waste land produce the $68,395,200; and, unthe balance of trade turned wholly in less I can make it produce an excess over that favor of America. The cod and whale sum, I gain nothing for all my toil. fisheries of the North Pacific would send “ If the plan succeeds, it would make the a constant stream of their indispensable whole world tributary to us. The sum which products, in exchange for American manu

I should pay into the treasury for the lands,

would exceed that which might be expended factures, across the continent. The At

for them from any other source. The nation lantic sea-ports would, of course, become

wonld have this great highway without an outthe ports of deposit and exchange for the lay of one dollar, with almost its free use fortrade of all the world. The prairies of the ever after, and so much added to the actual West, and the mills of the East and South, cash capital of the nation as the road may cost, would begin to furnish food and clothing because it would be the fruits of labor upon the to the famished millions of China, who wilderness earth. would now in their turn, having a market bill so framed, as would enable me to carry out

My desire and object has been to have a opened for their peculiar products, have a and accomplish this great work for the motives means of procuring in abundance the ne

as here and everywhere else by me declared, cessaries of life. The islands of the South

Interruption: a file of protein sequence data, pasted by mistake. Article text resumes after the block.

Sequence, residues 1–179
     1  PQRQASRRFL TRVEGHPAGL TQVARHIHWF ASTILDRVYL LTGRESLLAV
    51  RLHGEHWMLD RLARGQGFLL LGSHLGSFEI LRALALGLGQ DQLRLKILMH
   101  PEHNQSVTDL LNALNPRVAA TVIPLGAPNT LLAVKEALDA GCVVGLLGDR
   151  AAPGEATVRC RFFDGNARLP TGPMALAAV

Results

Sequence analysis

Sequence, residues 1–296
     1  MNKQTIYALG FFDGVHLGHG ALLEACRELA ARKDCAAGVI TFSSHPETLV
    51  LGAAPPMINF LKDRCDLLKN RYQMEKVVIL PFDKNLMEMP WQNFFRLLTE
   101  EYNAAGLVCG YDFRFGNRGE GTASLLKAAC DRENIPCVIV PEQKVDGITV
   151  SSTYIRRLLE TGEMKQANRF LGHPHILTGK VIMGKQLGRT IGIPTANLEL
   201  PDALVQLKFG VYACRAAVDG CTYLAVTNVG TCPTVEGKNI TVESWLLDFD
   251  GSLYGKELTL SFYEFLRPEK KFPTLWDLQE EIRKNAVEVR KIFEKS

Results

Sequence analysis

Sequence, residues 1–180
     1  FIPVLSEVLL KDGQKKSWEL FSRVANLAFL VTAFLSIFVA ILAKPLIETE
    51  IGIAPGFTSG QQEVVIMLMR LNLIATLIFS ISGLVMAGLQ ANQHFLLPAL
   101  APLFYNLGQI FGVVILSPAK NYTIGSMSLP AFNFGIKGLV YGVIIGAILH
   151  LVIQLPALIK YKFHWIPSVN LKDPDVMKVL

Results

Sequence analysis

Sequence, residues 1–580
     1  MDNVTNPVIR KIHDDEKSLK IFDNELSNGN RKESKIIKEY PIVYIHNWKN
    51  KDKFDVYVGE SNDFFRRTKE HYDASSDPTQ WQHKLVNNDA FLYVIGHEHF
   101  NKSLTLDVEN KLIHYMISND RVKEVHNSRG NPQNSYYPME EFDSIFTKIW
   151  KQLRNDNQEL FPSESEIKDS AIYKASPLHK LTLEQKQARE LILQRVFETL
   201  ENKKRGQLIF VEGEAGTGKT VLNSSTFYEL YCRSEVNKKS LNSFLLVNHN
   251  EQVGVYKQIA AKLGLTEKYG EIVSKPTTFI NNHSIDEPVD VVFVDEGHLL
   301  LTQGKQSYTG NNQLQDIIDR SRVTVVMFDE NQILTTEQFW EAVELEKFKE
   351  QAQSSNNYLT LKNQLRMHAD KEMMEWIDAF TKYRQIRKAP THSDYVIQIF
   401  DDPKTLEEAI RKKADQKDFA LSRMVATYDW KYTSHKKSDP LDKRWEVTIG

to give to my country this great thoroughfare Seas would be more rapidly colonized for the nations of all the earth without the cost than they are at present, by the Chinese, of one dollar; to give employment to, and to those Yankees of Asia, and a free and make comfortable and happy, millions who are constant intercourse would inevitably be

now starving and destitute, and to bring all the established between the nations of both tion. If the bill is deficient in any point, it

world together in free intercourse as one nathe continents.

certainly can be made to meet the views I Should this road, on the other hand, be express, which I feel that all who examine must undertaken by a stock company, under be satisfied with. the necessity of declaring dividends, the " It is proposed to establish an entirely new tolls would have to be so much raised, as

system of seitlement, on which the hopes for to exclude the transport of heavy articles, The settler on the line of the road would, as

success are based, and on which all depend. and thus none of the contemplated results

soon as his house or cabin were up, and a crop would follow. Indeed, for such a road no